Most known protein structures are related to a number of other known structures (Murzin et al., 1995; Orengo et al., 1997), highlighting the need for methods that can simultaneously compare multiple structures. Although most methods can align only pairs of structures, methods such as MNYFIT (Sutcliffe et al., 1987), COMPARER (Sali and Blundell, 1990), MULTIPROT (Shatsky et al., 2004), CE-MC (Guda et al., 2004), MUSTANG (Konagurthu et al., 2006), MASS (Dror et al., 2003), MAMMOTH-mult (Lupyan et al., 2005) and MATT (Menke et al., 2008) can also align multiple structures. Multiple alignments are usually superior to pairwise alignments because they more accurately describe the variations within and between groups of related protein structures. Multiple alignments can help assess structural similarity and identify regions of conformational flexibility. The conformations of the flexible regions, usually loops, may provide insight into functional aspects of proteins, e.g. the substrate specificity of different serine proteases is governed by the conformation of the binding loops (Hedstrom, 2002). Multiple structure alignments may also result in more accurate comparative protein structure models than pairwise alignments (Fernandez-Fuentes et al., 2007; Chakravarty et al., 2008; Larsson et al., 2008). The utility of multiple templates for comparative modeling hinges on the accuracy of their multiple structure alignment, which is constructed before aligning it with the target sequence (Chakravarty et al., 2008).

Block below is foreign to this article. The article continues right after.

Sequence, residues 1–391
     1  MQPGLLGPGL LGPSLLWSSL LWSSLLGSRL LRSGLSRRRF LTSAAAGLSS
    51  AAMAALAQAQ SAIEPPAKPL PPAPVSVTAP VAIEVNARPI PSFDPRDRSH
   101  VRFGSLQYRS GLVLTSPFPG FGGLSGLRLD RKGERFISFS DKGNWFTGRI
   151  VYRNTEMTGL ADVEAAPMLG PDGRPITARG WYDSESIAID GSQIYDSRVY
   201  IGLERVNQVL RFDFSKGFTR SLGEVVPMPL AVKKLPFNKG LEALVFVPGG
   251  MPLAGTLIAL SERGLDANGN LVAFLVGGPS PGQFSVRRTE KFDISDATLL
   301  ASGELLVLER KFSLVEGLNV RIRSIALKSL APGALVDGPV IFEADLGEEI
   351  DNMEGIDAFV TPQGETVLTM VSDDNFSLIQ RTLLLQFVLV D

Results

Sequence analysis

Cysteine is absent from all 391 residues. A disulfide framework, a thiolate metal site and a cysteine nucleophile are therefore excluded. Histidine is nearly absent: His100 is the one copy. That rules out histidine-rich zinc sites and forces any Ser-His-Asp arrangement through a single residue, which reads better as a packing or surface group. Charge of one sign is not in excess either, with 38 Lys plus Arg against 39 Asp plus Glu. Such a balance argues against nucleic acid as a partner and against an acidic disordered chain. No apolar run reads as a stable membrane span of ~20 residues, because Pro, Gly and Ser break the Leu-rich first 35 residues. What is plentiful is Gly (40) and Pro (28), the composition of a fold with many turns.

Here, we describe SALIGN, an automated dynamic programming method for creating multiple structure alignments. A major motivation was to create alignments of multiple template structures for comparative modeling by satisfaction of spatial restraints, as implemented in MODELLER (Sali and Blundell, 1993). To obtain spatial restraints for modeling, both inter-residue distances and residue dihedral angles are transferred from the template structures to the target sequence aligned with the templates. Therefore, the more conserved are these features in the multiple template alignment, the more accurate is the corresponding comparative model. As a consequence, SALIGN was developed to construct multiple structure alignments that take into consideration both sequence and structure features.